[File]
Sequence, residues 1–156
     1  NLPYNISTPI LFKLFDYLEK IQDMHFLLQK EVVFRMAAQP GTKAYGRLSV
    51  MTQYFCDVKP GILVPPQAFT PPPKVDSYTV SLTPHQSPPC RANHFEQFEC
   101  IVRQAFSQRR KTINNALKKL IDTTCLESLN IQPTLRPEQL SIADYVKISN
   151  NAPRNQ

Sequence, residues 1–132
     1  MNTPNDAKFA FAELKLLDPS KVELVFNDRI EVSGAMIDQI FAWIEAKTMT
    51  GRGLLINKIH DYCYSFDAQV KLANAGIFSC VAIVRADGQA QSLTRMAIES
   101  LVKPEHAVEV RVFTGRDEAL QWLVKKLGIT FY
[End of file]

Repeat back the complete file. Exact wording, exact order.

Sequence, residues 1–156
     1  NLPYNISTPI LFKLFDYLEK IQDMHFLLQK EVVFRMAAQP GTKAYGRLSV
    51  MTQYFCDVKP GILVPPQAFT PPPKVDSYTV SLTPHQSPPC RANHFEQFEC
   101  IVRQAFSQRR KTINNALKKL IDTTCLESLN IQPTLRPEQL SIADYVKISN
   151  NAPRNQ

Sequence, residues 1–132
     1  MNTPNDAKFA FAELKLLDPS KVELVFNDRI EVSGAMIDQI FAWIEAKTMT
    51  GRGLLINKIH DYCYSFDAQV KLANAGIFSC VAIVRADGQA QSLTRMAIES
   101  LVKPEHAVEV RVFTGRDEAL QWLVKKLGIT FY